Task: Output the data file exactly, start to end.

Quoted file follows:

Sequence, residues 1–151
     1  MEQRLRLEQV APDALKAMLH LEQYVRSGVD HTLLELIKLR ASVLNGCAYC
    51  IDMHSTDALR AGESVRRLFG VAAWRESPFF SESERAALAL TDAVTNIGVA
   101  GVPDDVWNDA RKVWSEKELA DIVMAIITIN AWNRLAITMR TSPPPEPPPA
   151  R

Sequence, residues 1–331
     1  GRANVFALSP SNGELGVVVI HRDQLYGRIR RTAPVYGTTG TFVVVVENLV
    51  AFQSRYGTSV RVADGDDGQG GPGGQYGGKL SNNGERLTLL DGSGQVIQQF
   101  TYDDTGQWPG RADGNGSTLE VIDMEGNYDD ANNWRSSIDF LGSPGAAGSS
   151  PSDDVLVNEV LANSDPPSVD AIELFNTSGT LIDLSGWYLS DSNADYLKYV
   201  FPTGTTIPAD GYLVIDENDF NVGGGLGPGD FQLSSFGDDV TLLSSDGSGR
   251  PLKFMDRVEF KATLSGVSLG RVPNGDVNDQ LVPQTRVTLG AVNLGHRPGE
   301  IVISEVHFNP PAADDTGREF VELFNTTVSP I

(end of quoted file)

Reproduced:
Sequence, residues 1–151
     1  MEQRLRLEQV APDALKAMLH LEQYVRSGVD HTLLELIKLR ASVLNGCAYC
    51  IDMHSTDALR AGESVRRLFG VAAWRESPFF SESERAALAL TDAVTNIGVA
   101  GVPDDVWNDA RKVWSEKELA DIVMAIITIN AWNRLAITMR TSPPPEPPPA
   151  R

Sequence, residues 1–331
     1  GRANVFALSP SNGELGVVVI HRDQLYGRIR RTAPVYGTTG TFVVVVENLV
    51  AFQSRYGTSV RVADGDDGQG GPGGQYGGKL SNNGERLTLL DGSGQVIQQF
   101  TYDDTGQWPG RADGNGSTLE VIDMEGNYDD ANNWRSSIDF LGSPGAAGSS
   151  PSDDVLVNEV LANSDPPSVD AIELFNTSGT LIDLSGWYLS DSNADYLKYV
   201  FPTGTTIPAD GYLVIDENDF NVGGGLGPGD FQLSSFGDDV TLLSSDGSGR
   251  PLKFMDRVEF KATLSGVSLG RVPNGDVNDQ LVPQTRVTLG AVNLGHRPGE
   301  IVISEVHFNP PAADDTGREF VELFNTTVSP I